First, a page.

# Gross margin

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## What is gross margin

When total sales are subtracted from the cost of goods sold (COGS), the resulting figure is the Gross Margin for that time frame. It reveals the amount of money available after covering direct costs that the business may use to cover fixed expenditures and other non-operating expenses. A business with a high gross margin can keep more earnings and utilize that money to cover expenses or make debt payments.

### How to measure gross margin

A company’s gross margin is determined by dividing its gross profit by its income for the same timeframe. Both figures appear on the income statement prepared in accordance with GAAP. The net revenue and COGS numbers must be obtained from the income statement to determine the gross margin. Next, determine gross profit by deducting COGS from the total revenue. We can then calculate the gross profit margin by dividing each business’s gross profit by its revenue for the relevant period.

### Gross margin formula

We can use the following equation to get the gross profit margin:

Here, Gross Profit is leftover income after deducting direct expenses or cost of goods sold.

Cost of Goods Sold (COGS) is a business’s direct expenses that are closely related to the creation and supply of certain items or services.

### SaaS gross margin example

Consider a SaaS firm named XYZ that earned \$20 million in income based on its income statement for 2021. They recorded \$5 million in COGS, which means the gross profit is \$15 million (total revenue – COGS). So now:

Revenue = \$20 million,
Cost of Goods Sold (COGS) = \$5 million,
Gross profit = \$15 million.

Since Gross Margin in Percentage = Gross Profit / Revenue x 100, it will be:
15 million / 20 million x 100 = 75%

From this, we may infer from the 75% gross margin that the business made \$0.75 in gross profit for every \$1.00 in sales.

The industry in which a firm works significantly impacts whether or not to interpret its gross margin is positive or negative. For instance, clothes merchants have traditionally shown lower gross margins and rely on quantity to be viable. On the other hand, software firms have long been renowned for having higher gross margins. Due to their low COGS, service-based sectors also have larger gross margins.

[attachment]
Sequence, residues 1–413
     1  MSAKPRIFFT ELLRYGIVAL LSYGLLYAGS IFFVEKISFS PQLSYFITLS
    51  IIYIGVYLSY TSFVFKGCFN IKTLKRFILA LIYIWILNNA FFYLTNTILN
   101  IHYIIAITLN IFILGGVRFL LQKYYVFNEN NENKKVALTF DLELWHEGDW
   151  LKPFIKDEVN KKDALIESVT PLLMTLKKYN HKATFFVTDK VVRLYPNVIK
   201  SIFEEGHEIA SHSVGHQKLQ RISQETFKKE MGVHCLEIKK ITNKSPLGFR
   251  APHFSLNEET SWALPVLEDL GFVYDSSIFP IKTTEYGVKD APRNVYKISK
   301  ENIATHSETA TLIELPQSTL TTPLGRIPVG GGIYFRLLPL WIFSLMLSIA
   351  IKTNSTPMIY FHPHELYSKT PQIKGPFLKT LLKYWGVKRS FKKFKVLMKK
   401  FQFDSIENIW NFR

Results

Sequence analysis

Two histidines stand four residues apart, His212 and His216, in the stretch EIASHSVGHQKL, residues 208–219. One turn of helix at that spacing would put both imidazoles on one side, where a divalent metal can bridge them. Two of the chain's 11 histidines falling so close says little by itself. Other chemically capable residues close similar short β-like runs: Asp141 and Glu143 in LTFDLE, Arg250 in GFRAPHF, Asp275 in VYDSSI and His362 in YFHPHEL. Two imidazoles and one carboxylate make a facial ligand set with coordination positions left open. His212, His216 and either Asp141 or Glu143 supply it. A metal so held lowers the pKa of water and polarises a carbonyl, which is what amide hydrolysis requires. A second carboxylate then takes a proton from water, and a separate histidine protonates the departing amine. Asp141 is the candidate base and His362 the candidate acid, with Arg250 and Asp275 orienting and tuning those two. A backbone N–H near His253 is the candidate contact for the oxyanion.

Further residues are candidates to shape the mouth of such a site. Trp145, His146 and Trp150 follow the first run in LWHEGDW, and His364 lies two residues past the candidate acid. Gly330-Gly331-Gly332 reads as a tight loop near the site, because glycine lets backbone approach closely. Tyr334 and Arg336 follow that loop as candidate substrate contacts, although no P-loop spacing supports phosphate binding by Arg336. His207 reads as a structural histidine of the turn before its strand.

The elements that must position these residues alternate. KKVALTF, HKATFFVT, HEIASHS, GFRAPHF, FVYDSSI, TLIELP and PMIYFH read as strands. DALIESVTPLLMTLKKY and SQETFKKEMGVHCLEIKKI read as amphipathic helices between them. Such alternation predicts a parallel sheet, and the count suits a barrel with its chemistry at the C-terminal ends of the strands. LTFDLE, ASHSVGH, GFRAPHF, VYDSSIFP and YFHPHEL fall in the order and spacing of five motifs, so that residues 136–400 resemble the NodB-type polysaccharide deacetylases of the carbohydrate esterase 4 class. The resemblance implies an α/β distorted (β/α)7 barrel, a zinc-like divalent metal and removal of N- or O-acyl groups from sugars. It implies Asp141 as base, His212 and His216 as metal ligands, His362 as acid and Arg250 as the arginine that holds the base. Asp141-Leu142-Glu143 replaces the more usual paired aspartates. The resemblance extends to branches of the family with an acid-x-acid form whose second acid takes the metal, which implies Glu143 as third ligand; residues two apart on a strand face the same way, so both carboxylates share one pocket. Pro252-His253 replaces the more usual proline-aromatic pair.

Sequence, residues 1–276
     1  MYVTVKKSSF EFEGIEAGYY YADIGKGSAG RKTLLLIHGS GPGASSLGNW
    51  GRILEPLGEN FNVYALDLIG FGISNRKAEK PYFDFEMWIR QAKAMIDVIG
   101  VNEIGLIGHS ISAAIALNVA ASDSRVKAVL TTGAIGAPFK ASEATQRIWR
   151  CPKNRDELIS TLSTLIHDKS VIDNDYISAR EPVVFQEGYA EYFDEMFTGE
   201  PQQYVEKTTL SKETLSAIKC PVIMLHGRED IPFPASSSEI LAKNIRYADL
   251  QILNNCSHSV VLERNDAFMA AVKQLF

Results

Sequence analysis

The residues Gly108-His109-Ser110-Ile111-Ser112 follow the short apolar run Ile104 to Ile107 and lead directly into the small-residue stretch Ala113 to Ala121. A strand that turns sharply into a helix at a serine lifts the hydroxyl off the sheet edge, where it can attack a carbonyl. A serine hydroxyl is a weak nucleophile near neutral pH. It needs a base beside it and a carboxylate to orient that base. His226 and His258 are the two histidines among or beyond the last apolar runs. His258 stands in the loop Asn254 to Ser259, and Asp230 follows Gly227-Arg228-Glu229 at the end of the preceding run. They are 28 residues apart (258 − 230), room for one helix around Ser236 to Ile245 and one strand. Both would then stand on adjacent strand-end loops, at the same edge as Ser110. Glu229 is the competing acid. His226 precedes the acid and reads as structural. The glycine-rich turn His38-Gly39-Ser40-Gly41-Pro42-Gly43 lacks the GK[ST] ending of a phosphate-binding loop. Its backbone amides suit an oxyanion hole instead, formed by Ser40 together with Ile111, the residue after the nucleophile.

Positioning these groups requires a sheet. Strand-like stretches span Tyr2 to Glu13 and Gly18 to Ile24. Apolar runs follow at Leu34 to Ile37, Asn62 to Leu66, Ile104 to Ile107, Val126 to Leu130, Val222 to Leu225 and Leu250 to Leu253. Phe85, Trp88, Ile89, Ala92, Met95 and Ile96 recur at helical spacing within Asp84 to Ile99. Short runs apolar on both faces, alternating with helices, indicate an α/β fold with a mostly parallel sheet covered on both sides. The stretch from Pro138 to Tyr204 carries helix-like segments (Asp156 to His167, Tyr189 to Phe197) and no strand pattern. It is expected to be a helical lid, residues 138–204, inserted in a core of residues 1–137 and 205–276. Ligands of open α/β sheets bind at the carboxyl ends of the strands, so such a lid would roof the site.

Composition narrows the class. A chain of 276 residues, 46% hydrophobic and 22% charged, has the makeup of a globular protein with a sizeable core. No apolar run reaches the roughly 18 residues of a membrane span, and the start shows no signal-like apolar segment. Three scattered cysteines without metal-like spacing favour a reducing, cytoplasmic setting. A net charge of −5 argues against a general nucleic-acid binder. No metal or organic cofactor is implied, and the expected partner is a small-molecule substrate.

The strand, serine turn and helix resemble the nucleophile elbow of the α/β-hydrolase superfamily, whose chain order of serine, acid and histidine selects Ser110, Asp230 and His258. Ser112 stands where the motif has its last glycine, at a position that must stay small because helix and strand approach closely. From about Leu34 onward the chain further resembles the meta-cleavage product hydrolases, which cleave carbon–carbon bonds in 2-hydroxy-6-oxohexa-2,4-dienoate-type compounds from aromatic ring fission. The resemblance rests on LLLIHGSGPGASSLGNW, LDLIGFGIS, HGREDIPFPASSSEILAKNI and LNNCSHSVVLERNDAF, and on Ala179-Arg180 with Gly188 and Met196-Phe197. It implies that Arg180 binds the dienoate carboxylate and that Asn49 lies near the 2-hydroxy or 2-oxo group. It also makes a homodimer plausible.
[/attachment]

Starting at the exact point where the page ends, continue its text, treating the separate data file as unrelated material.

For comparisons to be meaningful, the businesses must be involved within the same or a closely related industry, and historical data going back many years must be accessible. Larger gross margins are often seen in a positive light since they raise the possibility of greater operating and net profit margins.

Let’s look at another example of a SaaS company named ABC. In 2021, ABC made a total revenue of half the amount of XYZ. Therefore, their total earnings were \$10 million. Their direct expenses or COGS were \$2 million, which means their gross profit amounts to \$8 million. So now:

Revenue = \$10 million,
Cost of Goods Sold (COGS) = \$2 million,
Gross profit = \$8 million

Since Gross Margin in Percentage = Gross Profit / Revenue x 100, it will be:
8 million / 10 million x 100 = 80%

This means that even though ABC earned only half the revenue as XYZ, its gross margin percentage is higher due to lower COGS. Therefore, ABC earned \$0.05 more than XYZ for every dollar in sales.

Let’s take one last example of the KLM clothing company. In 2021, KLM made a whopping sales revenue of \$50 million. However, when measured with the cost of goods sold, markups can seem to be large.

When these expenses are considered, the profit the clothing firm makes is substantially smaller, and clothes merchants need to sell many items to continue in business.

So let’s say KLM’s COGS were \$25 million. This means their gross profit is \$25 million. So now:

Revenue = \$50 million,
Cost of Goods Sold (COGS) = \$25 million,
Gross profit = \$25 million

Since Gross Margin in Percentage = Gross Profit / Revenue x 100, it will be:
25 million / 50 million x 100 = 50%

It may seem that KLM’s gross margin is significantly lower than ABC’s and XYZ’s. However, it is important to remember that KLM is not in the same industry as XYZ and ABC. Hence, we should make no judgment based on that comparison. To properly understand KLM’s profitability, we should compare its gross margin with other clothing companies.

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